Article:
Ellen DeGeneres' iPhone is old news. But it's worth revisiting for anyone involved in sharing creative assets, because there's a valuable technology metaphor that her recent iPhone snafu can provide.
For those of you who missed the Oscars, a quick recap: Ellen used a Samsung Galaxy Note 3 to take a selfie of herself and Brad Pitt, Angelina Jolie, Jennifer Lawrence, Lupita Nyong'o, Jared Leto, Bradley Cooper, and Kevin Spacey -- a photo she tweeted which was retweeted close to 3 million times by the next day, and that drove an estimated 900 Samsung mentions a minute on social media. That's pretty good publicity for Samsung. But unfortunately for Samsung, Ellen's next tweet came from her iPhone.
It's not the end of the world. And it's important to note that Ellen wasn't under contract to use the Samsung phone at all -- actually, using a Samsung for the selfie was Ellen's idea to begin with. But with Samsung spending an estimated $20M in Oscars sponsorships, I'm sure its executives weren't thrilled by the iPhone follow-up. (Nor were Pepsi executives probably, since the pizza boxes Ellen had delivered into the crowd featured Coke logos. Pepsi was a sponsor, Coke wasn't.)
The lesson? When one party generates a message and another is involved in delivering it, it's hard to control the results.
For those of us who think a lot about how we deliver creative assets in this industry, it's a useful lesson to consider. I say that because ad delivery—the hard work of getting the ad file from the creative house to the TV screen -- involves many parties, which means limited control over how the message gets to its final destination.
How many parties are involved in getting an ad on air? Quite a few. For every ad, there's a creative team within an agency that develops the ad. Actually, make that multiple ads, as advertisers often create variations on ads from market to market. There's the media buyer -- often in a completely different agency -- who decides where the ad will run. There is the traffic department -- sometimes within the creative agency, sometimes a third party -- who coordinates the media buy with the commercial assets and the media outlets, sending letters of instruction and creative rotations, and ensuring delivery of the ad. And there is the agency account team, who often have to check with the talent department to make sure each commercial actor's contracts are up-to-date and that it's OK to air the ad.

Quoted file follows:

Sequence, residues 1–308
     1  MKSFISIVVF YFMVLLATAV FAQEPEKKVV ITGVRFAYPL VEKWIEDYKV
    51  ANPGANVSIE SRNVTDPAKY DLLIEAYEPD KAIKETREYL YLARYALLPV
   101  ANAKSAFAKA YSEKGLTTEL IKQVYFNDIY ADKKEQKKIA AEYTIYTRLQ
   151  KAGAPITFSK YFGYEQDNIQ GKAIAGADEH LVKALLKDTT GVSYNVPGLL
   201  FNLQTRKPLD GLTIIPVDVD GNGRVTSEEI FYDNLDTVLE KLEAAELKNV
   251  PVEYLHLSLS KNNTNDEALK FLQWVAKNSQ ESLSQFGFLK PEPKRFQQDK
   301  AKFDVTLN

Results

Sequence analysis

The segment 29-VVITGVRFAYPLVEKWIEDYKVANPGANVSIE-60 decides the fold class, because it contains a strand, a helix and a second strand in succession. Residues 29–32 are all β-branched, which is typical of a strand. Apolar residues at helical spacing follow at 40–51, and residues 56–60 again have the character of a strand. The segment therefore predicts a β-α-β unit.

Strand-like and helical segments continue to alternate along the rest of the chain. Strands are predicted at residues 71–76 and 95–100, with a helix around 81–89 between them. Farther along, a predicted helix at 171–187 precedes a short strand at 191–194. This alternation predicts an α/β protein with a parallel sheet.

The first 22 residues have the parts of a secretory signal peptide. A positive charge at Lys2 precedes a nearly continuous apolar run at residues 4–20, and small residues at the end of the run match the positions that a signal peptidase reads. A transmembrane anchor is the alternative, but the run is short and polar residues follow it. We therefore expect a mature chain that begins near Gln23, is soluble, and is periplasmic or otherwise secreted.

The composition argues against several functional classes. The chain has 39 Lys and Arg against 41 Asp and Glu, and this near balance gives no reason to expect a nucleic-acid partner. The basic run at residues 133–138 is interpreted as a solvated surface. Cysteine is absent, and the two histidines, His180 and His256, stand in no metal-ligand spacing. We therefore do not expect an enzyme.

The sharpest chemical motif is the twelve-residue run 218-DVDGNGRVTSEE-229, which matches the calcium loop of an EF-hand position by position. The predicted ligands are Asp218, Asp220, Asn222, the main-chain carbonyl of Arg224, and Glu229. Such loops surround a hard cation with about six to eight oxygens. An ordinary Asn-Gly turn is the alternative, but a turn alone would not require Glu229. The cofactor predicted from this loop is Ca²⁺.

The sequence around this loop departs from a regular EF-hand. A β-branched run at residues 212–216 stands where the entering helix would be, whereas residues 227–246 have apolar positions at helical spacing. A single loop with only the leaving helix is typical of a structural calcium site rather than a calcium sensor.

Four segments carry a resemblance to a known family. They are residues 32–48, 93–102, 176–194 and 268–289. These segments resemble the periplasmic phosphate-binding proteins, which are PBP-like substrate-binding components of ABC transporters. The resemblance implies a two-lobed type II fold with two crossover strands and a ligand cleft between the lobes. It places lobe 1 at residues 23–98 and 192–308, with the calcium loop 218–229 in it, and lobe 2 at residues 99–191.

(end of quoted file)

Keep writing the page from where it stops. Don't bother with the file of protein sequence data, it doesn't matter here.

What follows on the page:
What happens if the contracts are out of date? Maybe nothing. But if something does happen, it often isn't good. For example, actors could force the advertiser into costly re-negotiations. Or, if standard non-competes have expired, you could end up with the embarrassing situation of running a commercial featuring an actor who's recently stumped for a direct competitor.
Essentially, there's a multi-party chain of command -- media buyers, to creative teams, to account representatives, to traffic and distribution, to talent or business affairs, all potentially in different departments and likely different companies -- that need to be synchronized to make sure that an ad is legally allowed to air and makes it to the right air. Often, there's no standard way for communication to take place. Some communication happens by phone, some comes via an email. Some communications include all the stakeholders and sometimes only a few are involved.
All in all, what you're dealing with is multiple opportunities for information to fall through the cracks, with less-than-ideal repercussions. It's not hard to see why -- in the pressure to get an ad out the door -- the coordination of all the moving pieces can be a challenge. It's complicated with many stakeholders in many different companies, all with separate processes. By the way, this process gets repeated every time the media and/or the creative changes -- which means the process can get triggered frequently. In other words, there's a lot of information to share -- and a lot to go wrong.
At this point, you might be thinking: If we can't get the process down managing one person's tweets in the Oscars, how are we supposed to get a process down pat for whole agencies?
One hint might come from this small tidbit: the Wall Street Journal reports that Samsung executives personally trained Ellen on how to use the Galaxy Note 3. In other words, they invited Ellen directly into their own system -- making the selfie simple for Ellen, a third party, to deploy.
Of course, the different parts of the ad delivery process also use their own systems -- to track talent contracts, to manage media buys, to keep track of deliveries to TV stations, etc. I think a lot of the solution to the coordination problem comes from bringing not just the individuals across different teams closer together, but to actually link the systems that each of the teams are using. The closer you put everyone into each other's systems, the easier it is for everyone to work on the same page. Ultimately, you get truly seamless coordination -- and messaging that's easy to share with a few million of your friends.